Everyday Respect

Everyday Respect

Creating a safe, respectful and inclusive workplace. Every day. For everyone.

We have a responsibility to create a safe, respectful and inclusive workplace.

In March 2021, we commissioned an independent review of our workplace culture to better understand, prevent and respond to harmful behaviours across our global operations. Former Australian Sex Discrimination Commissioner Elizabeth Broderick conducted the review, and we reported the findings and recommendations in February 2022.

We are now working to implement the 26 recommendations.

Everyday Respect report

Everyday Respect report
Everyday Respect Report
1.4 MB
Everyday Respect Report [FR]
1.44 MB
Everyday Respect Report [MN]
1.73 MB

Making meaningful change

We are making real, meaningful change in our business, and building a Rio Tinto we can all be proud of.

The Everyday Respect report highlighted that bullying, sexual harassment and racism are occurring at an alarming rate in our organisation. The review identified that from 2017–22:

  • bullying and sexism were systemic across Rio Tinto worksites, with almost half of the people experiencing bullying
  • 28.2% of women and 6.7% of men experienced sexual harassment at work
  • 21 women reported actual or attempted rape or sexual assault
  • racism was prevalent across a number of locations. The survey showed people working in a country different to their birth, experienced high rates of racism, and 39.8% of men and 31.8% of women who identify as Aboriginal or Torres Strait Islander in Australia experienced racism.

Since releasing the report, we have reflected on the findings and are focusing on what people have told us needs to change.

We are finding better ways to support and empower our people, which means creating an environment where everyone feels comfortable being themselves, has the courage to speak up if something is not right and listens to each other with care and curiosity.

We know people want us to make these changes as quickly as possible – we want this too.

We are working closely with independent experts and people across our business to design and implement the right solutions, taking into account local experiences and context.

We are also working closely with industry bodies and other resources companies across the globe to implement changes and collectively evolve our industry and improve workplace behaviour. This included launching a pilot programme, ‘Building Safe and Respectful Workplaces’, with BHP and Fortescue, aimed at helping to eliminate disrespectful behaviour in the resources industry including sexual harassment, bullying and racism. The three companies have worked together with leading experts to design and develop the industry-first program aimed at educating new entrants to the sector.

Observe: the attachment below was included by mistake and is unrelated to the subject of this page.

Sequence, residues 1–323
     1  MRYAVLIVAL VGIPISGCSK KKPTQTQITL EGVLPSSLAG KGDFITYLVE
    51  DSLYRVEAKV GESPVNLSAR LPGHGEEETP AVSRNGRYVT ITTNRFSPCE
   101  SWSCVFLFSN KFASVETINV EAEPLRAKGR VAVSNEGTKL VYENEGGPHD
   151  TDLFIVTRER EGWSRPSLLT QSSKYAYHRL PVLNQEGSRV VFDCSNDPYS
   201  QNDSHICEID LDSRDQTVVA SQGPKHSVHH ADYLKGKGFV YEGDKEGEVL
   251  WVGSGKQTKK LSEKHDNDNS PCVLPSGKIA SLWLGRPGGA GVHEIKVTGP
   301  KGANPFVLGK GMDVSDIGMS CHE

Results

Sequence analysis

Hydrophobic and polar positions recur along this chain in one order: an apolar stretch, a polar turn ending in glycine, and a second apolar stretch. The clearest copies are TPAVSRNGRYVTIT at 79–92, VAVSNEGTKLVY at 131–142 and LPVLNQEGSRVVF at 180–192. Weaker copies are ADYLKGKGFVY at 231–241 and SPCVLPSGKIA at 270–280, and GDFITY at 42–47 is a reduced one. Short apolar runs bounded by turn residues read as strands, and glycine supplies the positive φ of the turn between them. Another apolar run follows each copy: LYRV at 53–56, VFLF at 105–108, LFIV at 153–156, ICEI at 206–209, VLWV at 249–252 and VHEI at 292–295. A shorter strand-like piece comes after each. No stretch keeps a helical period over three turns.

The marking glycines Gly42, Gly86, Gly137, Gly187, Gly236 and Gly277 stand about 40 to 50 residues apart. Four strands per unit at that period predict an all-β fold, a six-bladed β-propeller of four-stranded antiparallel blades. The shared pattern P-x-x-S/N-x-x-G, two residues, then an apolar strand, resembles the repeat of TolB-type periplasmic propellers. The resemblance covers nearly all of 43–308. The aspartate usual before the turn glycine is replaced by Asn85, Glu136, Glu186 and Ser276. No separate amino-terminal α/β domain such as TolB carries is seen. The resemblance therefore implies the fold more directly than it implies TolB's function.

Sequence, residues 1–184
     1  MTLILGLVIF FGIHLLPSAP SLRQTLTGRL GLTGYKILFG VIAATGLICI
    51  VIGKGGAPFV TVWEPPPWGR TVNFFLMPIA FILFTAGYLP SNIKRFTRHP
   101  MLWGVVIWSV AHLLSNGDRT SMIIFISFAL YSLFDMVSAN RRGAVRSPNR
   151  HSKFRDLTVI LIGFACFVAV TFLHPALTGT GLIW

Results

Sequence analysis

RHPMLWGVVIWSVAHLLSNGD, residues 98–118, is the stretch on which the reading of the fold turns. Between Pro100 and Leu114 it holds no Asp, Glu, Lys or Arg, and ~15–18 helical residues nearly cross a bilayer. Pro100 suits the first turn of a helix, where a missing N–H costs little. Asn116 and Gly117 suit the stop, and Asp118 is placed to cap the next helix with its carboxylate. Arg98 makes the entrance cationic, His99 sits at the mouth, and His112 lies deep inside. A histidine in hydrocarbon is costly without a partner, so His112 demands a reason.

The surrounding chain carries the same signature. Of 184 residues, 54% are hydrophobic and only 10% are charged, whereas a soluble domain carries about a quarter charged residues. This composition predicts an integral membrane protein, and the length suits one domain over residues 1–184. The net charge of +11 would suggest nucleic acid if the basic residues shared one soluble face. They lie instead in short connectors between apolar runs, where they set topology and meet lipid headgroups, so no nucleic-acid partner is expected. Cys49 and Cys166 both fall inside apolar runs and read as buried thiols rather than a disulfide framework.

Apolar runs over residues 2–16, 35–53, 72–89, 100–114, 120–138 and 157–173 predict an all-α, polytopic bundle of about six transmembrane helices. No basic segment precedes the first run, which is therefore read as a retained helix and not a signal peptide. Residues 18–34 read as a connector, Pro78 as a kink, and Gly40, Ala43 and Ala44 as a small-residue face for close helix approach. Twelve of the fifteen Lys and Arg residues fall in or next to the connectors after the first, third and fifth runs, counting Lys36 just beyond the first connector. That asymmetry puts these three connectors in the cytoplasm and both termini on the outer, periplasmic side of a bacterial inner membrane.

People from every level of our business are working together to implement the recommendations across three focus areas:

  • Leadership and behavioural change
  • Facilities, safety mindset and risk management
  • Caring response
Melanie, Head of Equity, Inclusion and Diversity, and Lead for the Everyday Respect task force, talks about how we will make real, sustainable change

Our workstreams and commitments

To implement the 26 recommendations outlined in the Everyday Respect report, we are focusing on three workstreams, each with underlying commitments:

Workstream 1: Leadership and behavioural change

Ensuring all leaders – from our Executive Committee to the frontline – live our values and create a safe, respectful and inclusive work environment for everyone. All our people are empowered and encouraged to speak up freely when they see behaviours that are not aligned to our values.

Recommendation A1, A2, A3, A4, A5, A6, B3, B4, B5, B6, B7, D4 of the report.

Our primary focus for 2022 has been on recommendations around leadership training, ensuring our sites are safe and inclusive, and improving our response to reports of unacceptable behaviour.

While we are making progress, we have more to do to eliminate harmful behaviours from our workplace and are deeply committed to doing so. This work remains a priority in 2023.

  • Some ways we’re acting on this
    • In 2022, we trained 91% of more than 7,000 leaders in the foundations of building psychological safety and moving from bystander to upstander, exceeding our target of 80% by the end of 2022.
    • As of 30 June 2023, 59% of our employees have completed a learning module on building psychological safety and becoming an upstander. This exceeds our stretch target of 50%.
    • We’ve launched Early Career Support Networks across some sites including Richards Bay Minerals and Iron Ore Company of Canada to provide mentoring and guidance to employees from a diversity of backgrounds. More will launch in the coming months.
    • We’ve conducted a parental leave experience review to help identify and remove structural barriers to gender equity.
    • People who have experienced harm have shared their story in their own words with senior leaders, to facilitate healing and deep understanding of the impact of harmful behaviours.
    • Learning from our strong safety culture and processes we have shared important information about incidents to help prevent disrespectful behaviours from continuing.